Blog 135

Asian Elephants & Ceylon Arrack

Tom

Director and founder of 135

Asian Elephant (Elephas maximus)

Overview:

Recent population estimates of the Asian Elephant suggest there are approximately 50,000 of these beautiful animals left in the wild.  Once widespread across the continent, the species can now be found in fragmented populations from India to Indonesia, with over 50% of the surviving population found in India.  Formerly they ranged from West Asia along the Iranian coast into China, where they disappeared sometime after the 14th Century.

There are a number of differences distinguishing Asian from African Elephants. Firstly, African elephants are significantly larger – African bulls tend to grow up to 4m tall and weigh between 4-7,500kg compared to 3.5m and 3-6,000kg for Asian elephants. Physically they also have distinct features. African elephants have a fuller, more rounded head in comparison to Asian elephants who develop a twin-domed head with an indentation through the middle.  The ears are probably the most obvious of the differences and in a helpful manner.  African elephants’ ears look like a map of the African continent, whereas Asian elephants’ ears are smaller and look more like the Indian subcontinent.  It is only some of the male Asian elephants that have tusks with about 50% of females and a few ales only having tushes (small tusk like teeth), whereas all African elephant elephants have tusks.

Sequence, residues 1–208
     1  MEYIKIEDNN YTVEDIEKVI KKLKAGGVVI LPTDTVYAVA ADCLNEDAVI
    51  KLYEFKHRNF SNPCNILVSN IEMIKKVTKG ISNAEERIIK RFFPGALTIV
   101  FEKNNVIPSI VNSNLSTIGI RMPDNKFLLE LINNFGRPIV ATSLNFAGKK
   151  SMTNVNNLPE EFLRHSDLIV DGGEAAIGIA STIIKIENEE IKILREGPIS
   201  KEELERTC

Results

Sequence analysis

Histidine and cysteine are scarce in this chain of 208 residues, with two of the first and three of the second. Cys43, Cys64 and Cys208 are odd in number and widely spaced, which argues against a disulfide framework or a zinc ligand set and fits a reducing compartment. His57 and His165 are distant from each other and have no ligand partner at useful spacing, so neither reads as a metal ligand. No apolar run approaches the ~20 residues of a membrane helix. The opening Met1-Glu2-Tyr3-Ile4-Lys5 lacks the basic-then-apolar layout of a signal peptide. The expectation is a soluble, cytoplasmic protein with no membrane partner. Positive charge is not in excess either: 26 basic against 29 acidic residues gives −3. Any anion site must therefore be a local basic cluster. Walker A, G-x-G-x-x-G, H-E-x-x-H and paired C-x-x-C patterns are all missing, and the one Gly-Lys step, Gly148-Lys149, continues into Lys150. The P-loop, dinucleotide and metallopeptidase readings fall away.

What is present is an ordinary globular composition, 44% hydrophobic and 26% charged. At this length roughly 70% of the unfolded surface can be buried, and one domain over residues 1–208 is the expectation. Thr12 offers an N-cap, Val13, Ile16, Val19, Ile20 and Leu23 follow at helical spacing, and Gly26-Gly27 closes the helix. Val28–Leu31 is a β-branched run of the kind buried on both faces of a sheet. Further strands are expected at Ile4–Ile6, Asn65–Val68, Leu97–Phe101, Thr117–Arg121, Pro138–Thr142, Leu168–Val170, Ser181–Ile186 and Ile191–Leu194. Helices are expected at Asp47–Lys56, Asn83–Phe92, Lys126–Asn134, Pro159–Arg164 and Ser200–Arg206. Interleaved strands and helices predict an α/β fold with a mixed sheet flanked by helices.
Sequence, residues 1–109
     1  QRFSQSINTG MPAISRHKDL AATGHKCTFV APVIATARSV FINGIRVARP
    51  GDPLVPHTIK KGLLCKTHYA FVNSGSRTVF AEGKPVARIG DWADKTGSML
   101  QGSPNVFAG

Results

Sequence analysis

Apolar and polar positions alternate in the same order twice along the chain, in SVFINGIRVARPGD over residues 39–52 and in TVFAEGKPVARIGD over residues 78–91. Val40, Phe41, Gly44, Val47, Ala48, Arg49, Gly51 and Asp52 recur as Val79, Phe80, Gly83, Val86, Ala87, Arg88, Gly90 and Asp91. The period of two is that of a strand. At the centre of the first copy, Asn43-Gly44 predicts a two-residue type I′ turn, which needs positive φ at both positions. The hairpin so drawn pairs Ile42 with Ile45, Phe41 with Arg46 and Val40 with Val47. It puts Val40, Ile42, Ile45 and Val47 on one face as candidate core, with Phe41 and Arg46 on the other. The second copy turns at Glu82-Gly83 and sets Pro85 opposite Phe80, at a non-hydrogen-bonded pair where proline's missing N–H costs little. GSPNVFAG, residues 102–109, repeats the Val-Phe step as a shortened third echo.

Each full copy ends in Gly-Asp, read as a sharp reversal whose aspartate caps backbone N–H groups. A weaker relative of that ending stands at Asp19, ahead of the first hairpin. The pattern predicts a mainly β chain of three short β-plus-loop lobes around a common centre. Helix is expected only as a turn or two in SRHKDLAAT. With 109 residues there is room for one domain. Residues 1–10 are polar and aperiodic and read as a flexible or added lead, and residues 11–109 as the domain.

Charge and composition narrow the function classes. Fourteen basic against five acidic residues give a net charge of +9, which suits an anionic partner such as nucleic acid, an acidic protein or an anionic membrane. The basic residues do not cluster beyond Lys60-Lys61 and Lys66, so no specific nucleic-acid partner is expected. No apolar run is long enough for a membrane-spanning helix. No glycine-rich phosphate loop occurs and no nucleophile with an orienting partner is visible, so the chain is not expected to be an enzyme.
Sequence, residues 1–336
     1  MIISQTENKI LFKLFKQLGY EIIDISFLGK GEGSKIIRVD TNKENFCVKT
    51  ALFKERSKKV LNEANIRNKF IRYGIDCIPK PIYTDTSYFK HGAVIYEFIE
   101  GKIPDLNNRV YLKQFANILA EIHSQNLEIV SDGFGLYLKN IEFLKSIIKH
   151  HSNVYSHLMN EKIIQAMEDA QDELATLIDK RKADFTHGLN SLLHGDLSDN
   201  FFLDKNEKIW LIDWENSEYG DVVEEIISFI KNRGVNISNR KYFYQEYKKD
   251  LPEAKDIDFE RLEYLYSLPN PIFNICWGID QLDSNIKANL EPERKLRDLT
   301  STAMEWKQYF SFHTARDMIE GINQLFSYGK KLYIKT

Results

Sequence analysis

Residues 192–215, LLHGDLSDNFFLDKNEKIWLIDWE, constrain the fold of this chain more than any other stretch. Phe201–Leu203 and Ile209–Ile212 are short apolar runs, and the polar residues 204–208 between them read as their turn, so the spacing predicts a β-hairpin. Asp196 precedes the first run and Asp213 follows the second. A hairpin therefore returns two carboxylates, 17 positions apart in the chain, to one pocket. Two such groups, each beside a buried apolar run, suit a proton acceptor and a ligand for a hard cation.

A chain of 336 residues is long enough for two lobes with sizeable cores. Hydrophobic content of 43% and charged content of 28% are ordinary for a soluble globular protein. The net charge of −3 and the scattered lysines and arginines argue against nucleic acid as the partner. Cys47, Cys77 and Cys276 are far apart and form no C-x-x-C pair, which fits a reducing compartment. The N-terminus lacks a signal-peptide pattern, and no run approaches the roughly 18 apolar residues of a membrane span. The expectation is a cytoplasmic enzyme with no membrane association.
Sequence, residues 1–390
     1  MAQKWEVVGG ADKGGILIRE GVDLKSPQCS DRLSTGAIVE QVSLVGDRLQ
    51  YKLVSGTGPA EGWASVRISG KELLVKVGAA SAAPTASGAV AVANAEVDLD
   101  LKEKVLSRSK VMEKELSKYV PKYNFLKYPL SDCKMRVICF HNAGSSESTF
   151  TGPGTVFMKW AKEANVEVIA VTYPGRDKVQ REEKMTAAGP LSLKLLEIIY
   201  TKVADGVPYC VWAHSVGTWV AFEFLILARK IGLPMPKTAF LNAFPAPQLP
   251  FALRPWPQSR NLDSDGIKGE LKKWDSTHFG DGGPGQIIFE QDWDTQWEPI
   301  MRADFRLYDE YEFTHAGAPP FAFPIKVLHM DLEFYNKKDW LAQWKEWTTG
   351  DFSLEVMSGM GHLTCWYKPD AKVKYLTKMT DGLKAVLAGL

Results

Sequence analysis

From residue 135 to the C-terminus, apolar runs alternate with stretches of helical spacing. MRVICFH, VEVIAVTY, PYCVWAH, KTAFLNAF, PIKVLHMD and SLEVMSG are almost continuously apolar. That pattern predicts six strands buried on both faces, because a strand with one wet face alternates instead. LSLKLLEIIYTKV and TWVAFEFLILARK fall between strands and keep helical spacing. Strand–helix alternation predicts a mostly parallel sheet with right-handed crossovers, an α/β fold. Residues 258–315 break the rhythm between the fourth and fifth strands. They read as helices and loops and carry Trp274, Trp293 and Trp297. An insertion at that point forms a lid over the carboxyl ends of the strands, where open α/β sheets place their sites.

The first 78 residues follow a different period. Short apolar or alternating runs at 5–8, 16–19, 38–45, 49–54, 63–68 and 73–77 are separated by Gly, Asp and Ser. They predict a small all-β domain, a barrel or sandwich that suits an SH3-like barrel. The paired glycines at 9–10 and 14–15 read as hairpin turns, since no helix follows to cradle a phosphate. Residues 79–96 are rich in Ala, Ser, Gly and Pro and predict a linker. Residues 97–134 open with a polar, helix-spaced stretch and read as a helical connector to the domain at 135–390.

As with African elephants, Asian elephants play an important ecological role lending them role as a ‘keystone species’.  Elephants help to regulate the forests and other habitats, helping to preserve ecological properties favouring other animals within their ecosystem.